First, a fringe of the aristocracy cultivating literature and art, elegant, freed from the coarser superstitions. And churches filled with the pious, the scent of their incense and their prayers. They would come to a common frame of mind. It would take a hundred and fifty years.
Opium for the People
Religion, opium for the people. To those suffering pain, humiliation, illness, and serfdom, it promised a reward in an afterlife. And now we are witnessing a transformation. A true opium for the people is a belief in nothingness after death—the huge solace of thinking that for our betrayals, greed, cowardice, murders we are not going to be judged.
Religion and Politics
It is understandable that there are those who prefer nothing to religion, especially with nationalistic baggage (Bosnia, Northern Ireland). There is ample experience to show that men envelop themselves in sublime goals, purity, and the nobility of a highfalutin spiritual domain, in order to pretend they don’t know what their hands are doing.
All great religions—Christianity, Buddhism, Judaism, Islam—have a vision of man as judged after death, with a visible predilection for the image of a contention between the Accuser and the Defender. Sometimes there is a scale to weigh sins and good deeds. In Tibetan Buddhism the judge is the Master of Death and in coming to his verdict he is assisted by pebbles, black ones cast on a balance by the Accuser, white ones cast by the Defender. All religions recognize that our deeds are imperishable; in Buddhism this is called karma.
After It Had Been Fulfilled
A prophet, as he called himself, of European nihilism, Nietzsche used to say with pride “we, nihilists” and defined what would be the “most blatant form of nihilism.” It would be “a view according to which any belief, any conviction would be by necessity false, simply because there is no true world.” He called this “a godlike way of thinking.” For his master and teacher Schopenhauer, he had an epithet: “decadent.”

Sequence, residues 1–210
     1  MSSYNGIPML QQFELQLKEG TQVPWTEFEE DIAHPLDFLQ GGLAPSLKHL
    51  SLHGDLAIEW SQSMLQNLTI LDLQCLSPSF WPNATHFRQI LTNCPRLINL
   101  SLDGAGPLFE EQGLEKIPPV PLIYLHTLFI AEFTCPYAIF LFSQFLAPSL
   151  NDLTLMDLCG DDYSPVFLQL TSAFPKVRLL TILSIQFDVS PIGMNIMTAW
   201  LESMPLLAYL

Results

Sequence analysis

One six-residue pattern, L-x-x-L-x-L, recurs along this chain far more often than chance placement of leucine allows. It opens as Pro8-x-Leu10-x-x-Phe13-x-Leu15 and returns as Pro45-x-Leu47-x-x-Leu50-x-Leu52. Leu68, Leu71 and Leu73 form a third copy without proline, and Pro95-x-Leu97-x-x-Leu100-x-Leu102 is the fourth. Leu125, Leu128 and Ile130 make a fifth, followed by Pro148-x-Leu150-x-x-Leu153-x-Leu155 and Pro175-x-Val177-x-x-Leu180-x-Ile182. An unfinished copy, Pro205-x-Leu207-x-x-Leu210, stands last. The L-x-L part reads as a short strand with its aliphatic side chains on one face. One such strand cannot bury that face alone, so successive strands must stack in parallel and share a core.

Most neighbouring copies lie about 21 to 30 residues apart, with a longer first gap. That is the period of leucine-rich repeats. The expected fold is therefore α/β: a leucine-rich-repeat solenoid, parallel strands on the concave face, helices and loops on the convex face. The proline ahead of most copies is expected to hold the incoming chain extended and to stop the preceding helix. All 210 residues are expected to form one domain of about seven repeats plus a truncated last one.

He would probably not be very happy with the use made of his oeuvre during the hundred years since his death. After all, what he valued was courage. And today courage is required to dissent from his views.
Why should he be the philosopher whose name appears any time a pedigree needs to be produced for European nihilism? He doesn’t deserve it. If for no other reason, for the place his philosophy assigned to saintliness and art.
To the extent that he was influenced by Asian religion, liberation meant for him throwing off the burden of karma. Only in coffeehouse folklore is Nirvana identified with nothingness. According to Schopenhauer, Nirvana could not be expressed in the language of Samsara, of the illusory world: it implied just the opposite.
Up and down. One may wonder at the image of Ascension in the New Testament, but the vertical axis rules everywhere in the noncorporeal world. Thus the subterranean Hades of the Greeks and Sheol of the Jews. In Dante, Hell is below, Purgatory somehow higher, Paradise above; in the Tibetan Book of the Dead, Bardo, the intermediary state after death, allows for a movement up to better incarnations, or down to inferior incarnations.
Prediction Vladimir Solovev in his work Three Conversations,
1900, tells about a sect of hole worshipers in Russia. They would bore a hole in the wall of a hut and would pray to it: “O holy hole!”
(From Lot’s Escape by Aleksander Wat)
“Balzac, Stendhal, generations of novelists who uncovered the piteous backstage of human motives and actions, who ferreted out every proof of the degradation of human nature, down to the very bottom of man’s dreams”—meditated Lot, the central character in Wat’s novel, and grew scared. He was endowed with an innate admiration for everything well executed, well written, of a proper caliber—and he felt even greater fear when he realized that no one was, any longer, concerned with “what,” only with “how,” that we have become indifferent to content and react, not even to form, but to technique, to technical efficiency itself.
—Translated by Robert Hass and the author
Copyright å© 1998 by Czeslaw Milosz